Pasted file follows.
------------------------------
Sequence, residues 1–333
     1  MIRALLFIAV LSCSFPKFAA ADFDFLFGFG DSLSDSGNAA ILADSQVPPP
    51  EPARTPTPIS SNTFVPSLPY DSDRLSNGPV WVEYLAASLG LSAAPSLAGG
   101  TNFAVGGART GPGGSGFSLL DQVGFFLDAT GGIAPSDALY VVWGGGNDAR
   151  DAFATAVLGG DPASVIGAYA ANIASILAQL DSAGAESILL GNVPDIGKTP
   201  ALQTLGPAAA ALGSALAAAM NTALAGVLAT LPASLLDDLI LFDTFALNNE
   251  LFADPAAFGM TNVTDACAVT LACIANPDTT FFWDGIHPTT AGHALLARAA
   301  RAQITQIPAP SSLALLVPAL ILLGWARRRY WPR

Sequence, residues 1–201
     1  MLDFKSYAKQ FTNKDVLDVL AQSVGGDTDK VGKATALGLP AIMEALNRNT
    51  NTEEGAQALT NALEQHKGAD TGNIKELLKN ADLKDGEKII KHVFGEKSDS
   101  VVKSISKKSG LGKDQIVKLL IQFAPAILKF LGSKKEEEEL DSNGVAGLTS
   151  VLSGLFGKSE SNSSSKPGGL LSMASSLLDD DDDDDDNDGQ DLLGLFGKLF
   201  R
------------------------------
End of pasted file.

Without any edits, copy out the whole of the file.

Sequence, residues 1–333
     1  MIRALLFIAV LSCSFPKFAA ADFDFLFGFG DSLSDSGNAA ILADSQVPPP
    51  EPARTPTPIS SNTFVPSLPY DSDRLSNGPV WVEYLAASLG LSAAPSLAGG
   101  TNFAVGGART GPGGSGFSLL DQVGFFLDAT GGIAPSDALY VVWGGGNDAR
   151  DAFATAVLGG DPASVIGAYA ANIASILAQL DSAGAESILL GNVPDIGKTP
   201  ALQTLGPAAA ALGSALAAAM NTALAGVLAT LPASLLDDLI LFDTFALNNE
   251  LFADPAAFGM TNVTDACAVT LACIANPDTT FFWDGIHPTT AGHALLARAA
   301  RAQITQIPAP SSLALLVPAL ILLGWARRRY WPR

Sequence, residues 1–201
     1  MLDFKSYAKQ FTNKDVLDVL AQSVGGDTDK VGKATALGLP AIMEALNRNT
    51  NTEEGAQALT NALEQHKGAD TGNIKELLKN ADLKDGEKII KHVFGEKSDS
   101  VVKSISKKSG LGKDQIVKLL IQFAPAILKF LGSKKEEEEL DSNGVAGLTS
   151  VLSGLFGKSE SNSSSKPGGL LSMASSLLDD DDDDDDNDGQ DLLGLFGKLF
   201  R